Alberto opened his eyes. Some iron-haired, corporeal looking bastard was looking down at him.
“Agent Moretti, is something the—”
Alberto grabbed hold of the soldier, pulled himself upright by his lapels, and hissed, “Get Timothy Valour on the phone and tell him Herbert Lawrence is a cunt.”
Allison Kinsey stood in front of the barn’s east wall against the setting afternoon sun, admiring what she had wrought. Her skin was mottled blue and green, her hair matted with half-dried paint.
Most importantly, she was very, very satisfied.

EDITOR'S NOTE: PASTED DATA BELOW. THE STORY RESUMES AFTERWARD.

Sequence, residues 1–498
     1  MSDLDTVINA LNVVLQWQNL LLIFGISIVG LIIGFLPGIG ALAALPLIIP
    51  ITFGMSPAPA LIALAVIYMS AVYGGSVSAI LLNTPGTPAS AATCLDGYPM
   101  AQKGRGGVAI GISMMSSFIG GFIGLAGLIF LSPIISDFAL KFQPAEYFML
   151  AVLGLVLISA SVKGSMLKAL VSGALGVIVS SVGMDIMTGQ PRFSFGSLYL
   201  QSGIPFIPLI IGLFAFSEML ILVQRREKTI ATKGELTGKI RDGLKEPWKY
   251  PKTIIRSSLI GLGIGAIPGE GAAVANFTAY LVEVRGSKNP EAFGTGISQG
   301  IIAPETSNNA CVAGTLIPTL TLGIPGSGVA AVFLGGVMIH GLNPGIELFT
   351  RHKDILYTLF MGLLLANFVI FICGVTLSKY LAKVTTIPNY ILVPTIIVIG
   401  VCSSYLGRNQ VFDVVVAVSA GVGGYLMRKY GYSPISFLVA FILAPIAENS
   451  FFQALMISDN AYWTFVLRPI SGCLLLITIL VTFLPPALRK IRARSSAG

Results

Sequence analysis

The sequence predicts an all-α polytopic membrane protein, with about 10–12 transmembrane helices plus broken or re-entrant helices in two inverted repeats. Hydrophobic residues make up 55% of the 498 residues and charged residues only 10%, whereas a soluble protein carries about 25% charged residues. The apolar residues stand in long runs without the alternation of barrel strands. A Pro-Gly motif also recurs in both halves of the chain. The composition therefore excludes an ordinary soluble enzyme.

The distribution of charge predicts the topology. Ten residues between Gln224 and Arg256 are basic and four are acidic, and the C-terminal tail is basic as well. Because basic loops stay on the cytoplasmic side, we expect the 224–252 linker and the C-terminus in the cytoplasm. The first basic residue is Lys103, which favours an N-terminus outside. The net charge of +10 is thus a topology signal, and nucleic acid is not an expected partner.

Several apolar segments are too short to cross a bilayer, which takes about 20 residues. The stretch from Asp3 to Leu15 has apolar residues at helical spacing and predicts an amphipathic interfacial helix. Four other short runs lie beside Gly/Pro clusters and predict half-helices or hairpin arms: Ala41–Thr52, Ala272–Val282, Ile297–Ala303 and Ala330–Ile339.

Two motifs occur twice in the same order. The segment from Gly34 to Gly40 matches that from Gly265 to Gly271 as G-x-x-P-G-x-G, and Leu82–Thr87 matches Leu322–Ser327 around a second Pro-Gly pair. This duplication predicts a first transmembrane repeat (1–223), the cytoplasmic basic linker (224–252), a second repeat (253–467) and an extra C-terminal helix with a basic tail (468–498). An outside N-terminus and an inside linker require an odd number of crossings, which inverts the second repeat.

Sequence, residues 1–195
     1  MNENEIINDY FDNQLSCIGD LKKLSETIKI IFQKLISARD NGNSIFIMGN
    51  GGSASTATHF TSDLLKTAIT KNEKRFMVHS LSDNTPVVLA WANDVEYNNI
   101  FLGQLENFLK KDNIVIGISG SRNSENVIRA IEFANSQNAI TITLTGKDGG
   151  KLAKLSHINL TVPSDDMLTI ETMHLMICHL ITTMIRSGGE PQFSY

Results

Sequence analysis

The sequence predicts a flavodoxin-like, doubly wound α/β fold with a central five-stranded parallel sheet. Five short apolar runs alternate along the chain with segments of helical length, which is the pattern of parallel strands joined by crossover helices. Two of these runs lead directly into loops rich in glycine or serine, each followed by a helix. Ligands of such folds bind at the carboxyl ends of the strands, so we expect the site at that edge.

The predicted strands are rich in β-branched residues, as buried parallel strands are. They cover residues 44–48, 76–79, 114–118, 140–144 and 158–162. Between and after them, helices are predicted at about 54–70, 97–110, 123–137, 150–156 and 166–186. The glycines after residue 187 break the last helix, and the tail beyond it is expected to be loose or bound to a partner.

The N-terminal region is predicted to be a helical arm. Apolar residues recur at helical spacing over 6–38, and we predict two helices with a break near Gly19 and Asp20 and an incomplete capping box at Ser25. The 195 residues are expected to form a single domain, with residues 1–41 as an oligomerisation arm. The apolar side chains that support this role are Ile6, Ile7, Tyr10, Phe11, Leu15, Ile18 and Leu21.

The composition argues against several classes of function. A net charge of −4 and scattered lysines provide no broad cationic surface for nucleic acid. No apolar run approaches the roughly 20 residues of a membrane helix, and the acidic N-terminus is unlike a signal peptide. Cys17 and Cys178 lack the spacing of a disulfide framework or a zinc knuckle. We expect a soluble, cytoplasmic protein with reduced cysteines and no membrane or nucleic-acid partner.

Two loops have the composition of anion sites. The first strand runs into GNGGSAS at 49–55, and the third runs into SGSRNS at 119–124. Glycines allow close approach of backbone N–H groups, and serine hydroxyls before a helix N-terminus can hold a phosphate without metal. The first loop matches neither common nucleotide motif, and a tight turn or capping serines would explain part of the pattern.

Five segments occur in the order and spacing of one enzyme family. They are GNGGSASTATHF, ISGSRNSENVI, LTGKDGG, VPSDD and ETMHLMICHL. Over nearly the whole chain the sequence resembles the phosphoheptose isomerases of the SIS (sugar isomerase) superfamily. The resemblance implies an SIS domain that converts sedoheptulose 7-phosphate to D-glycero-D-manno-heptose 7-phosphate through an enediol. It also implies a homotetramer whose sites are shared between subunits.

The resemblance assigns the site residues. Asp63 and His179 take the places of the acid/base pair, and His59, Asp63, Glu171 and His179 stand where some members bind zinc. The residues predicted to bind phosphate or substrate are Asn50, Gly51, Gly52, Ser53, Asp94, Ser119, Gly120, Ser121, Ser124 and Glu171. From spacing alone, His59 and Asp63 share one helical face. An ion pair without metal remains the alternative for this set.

It started about a week earlier. Somehow, against all reason, Allison had found herself getting bored. Bored running around being all barbarian with David and whoever fell into their orbit. She didn’t understand how, but she knew it must be fought. It also occurred to Allison that non-Watercolours kept trespassing inside their barn. This too could not go unopposed.
David had seemed strangely unconcerned. “It’s not like there’s a big sign saying we own it.”
He was right, though. There was no sign. Allison decided to rectify that.
Painting a little over seven by thirty feet of wall by herself was easier than one might have guessed. Allison saved herself a lot of ladder hauling by borrowing Robert’s (formerly Gwydion’s) translucent platforms. The Barthe dress code meant paint-stains were a non-issue, and their hydrokinesis made for an excellent long range brush. Plus, thanks to Eliza, she only really needed about an hour of sleep a night.